In April 2021, work began to integrate long-range surface-to-air missile (LRSAM) onboard Vikrant. On August 4, 2021, the first phase of the sea trials began which were completed successfully by August 8. The second phase of the trials was conducted on October 24, 2021, followed by the third phase from January 9 to January 17, 2022, both of which were completed successfully. On July 10, 2022, the fourth and final phase of the sea trials was successfully completed. This phase involved integrated trials of most of the equipment and systems aboard Vikrant.
With an overall indigenous content of 76 per cent, Vikrant has many indigenous equipment and machinery, involving major industrial houses in the country. Bharat Electronics Limited (BEL), Bharat Heavy Electricals Limited (BHEL), Garden Reach Shipbuilders & Engineers Limited (GRSE), Keltron, Kirloskar, Larson & Toubro, Wartsila India etc as well as over 100 Micro, Small and Medium Enterprises (MSME). The indigenisation efforts have also led to the development of ancillary industries, generating employment opportunities and bolstering plough back effect on the economy, both locally and pan-India.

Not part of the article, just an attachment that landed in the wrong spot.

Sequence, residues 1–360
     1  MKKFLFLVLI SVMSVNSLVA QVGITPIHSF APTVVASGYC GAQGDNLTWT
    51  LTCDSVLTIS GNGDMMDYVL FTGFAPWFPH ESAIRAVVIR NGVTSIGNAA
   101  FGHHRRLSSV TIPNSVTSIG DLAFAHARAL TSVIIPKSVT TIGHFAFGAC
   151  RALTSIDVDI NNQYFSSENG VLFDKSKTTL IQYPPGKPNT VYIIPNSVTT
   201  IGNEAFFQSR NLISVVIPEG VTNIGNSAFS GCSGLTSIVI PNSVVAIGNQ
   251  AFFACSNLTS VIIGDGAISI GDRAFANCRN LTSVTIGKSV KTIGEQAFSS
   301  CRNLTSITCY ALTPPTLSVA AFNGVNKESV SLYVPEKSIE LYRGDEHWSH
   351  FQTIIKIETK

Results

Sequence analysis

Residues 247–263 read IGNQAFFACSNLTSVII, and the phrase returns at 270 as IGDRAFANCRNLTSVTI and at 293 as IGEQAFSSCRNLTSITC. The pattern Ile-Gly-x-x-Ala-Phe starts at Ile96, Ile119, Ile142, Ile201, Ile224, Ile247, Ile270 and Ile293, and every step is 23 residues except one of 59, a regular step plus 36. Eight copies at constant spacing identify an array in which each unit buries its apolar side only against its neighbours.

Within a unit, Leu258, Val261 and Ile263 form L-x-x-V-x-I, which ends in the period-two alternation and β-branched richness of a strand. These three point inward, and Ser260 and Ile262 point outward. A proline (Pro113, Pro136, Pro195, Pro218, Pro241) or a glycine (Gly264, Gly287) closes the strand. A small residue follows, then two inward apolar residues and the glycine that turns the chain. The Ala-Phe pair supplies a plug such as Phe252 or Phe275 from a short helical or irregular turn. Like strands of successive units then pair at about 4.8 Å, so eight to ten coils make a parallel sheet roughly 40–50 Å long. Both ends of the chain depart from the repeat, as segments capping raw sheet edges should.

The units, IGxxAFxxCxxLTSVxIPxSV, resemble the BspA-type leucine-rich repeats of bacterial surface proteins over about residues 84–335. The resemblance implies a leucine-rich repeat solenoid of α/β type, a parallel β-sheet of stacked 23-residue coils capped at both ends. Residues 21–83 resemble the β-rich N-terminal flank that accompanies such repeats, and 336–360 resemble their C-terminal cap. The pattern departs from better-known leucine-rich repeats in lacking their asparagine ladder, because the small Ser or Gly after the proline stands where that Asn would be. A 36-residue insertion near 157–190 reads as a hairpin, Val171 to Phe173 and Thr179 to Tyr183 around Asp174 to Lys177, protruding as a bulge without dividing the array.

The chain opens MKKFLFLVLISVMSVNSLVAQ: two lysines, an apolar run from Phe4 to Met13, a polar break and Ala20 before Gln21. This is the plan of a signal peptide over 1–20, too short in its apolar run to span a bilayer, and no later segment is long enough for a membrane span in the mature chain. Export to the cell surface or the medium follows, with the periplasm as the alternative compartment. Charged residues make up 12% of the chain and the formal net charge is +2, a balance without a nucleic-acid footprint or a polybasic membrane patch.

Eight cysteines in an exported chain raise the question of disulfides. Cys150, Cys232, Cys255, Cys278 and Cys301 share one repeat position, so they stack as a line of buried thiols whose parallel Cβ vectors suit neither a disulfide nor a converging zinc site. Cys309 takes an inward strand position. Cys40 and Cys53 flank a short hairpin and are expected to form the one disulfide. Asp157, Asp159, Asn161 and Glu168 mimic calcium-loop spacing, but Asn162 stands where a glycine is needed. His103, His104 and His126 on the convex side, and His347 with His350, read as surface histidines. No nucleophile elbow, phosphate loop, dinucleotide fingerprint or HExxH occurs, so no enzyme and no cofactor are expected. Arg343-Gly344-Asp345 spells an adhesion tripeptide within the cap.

With an overall indigenous content of 76 per cent, Vikrant has many indigenous equipment and machinery, involving major industrial houses in the country
Vikrant has a high degree of automation for machinery operation, ship navigation, and survivability and has been designed to accommodate an assortment of fixed-wing and rotary aircraft. The ship would be capable of operating an air wing consisting of 30 aircraft comprising MiG-29K fighter jets, Kamov-31, MH-60R multi-role helicopters, in addition to indigenously manufactured Advanced Light Helicopters (ALH) and Light Combat Aircraft (LCA) (Navy). Using a novel aircraft-operation mode known as STOBAR an acronym for Short Take-Off But Arrested Landing, the IAC is equipped with a ski-jump for launching aircraft and a set of ‘arrester wires’ for their recovery onboard.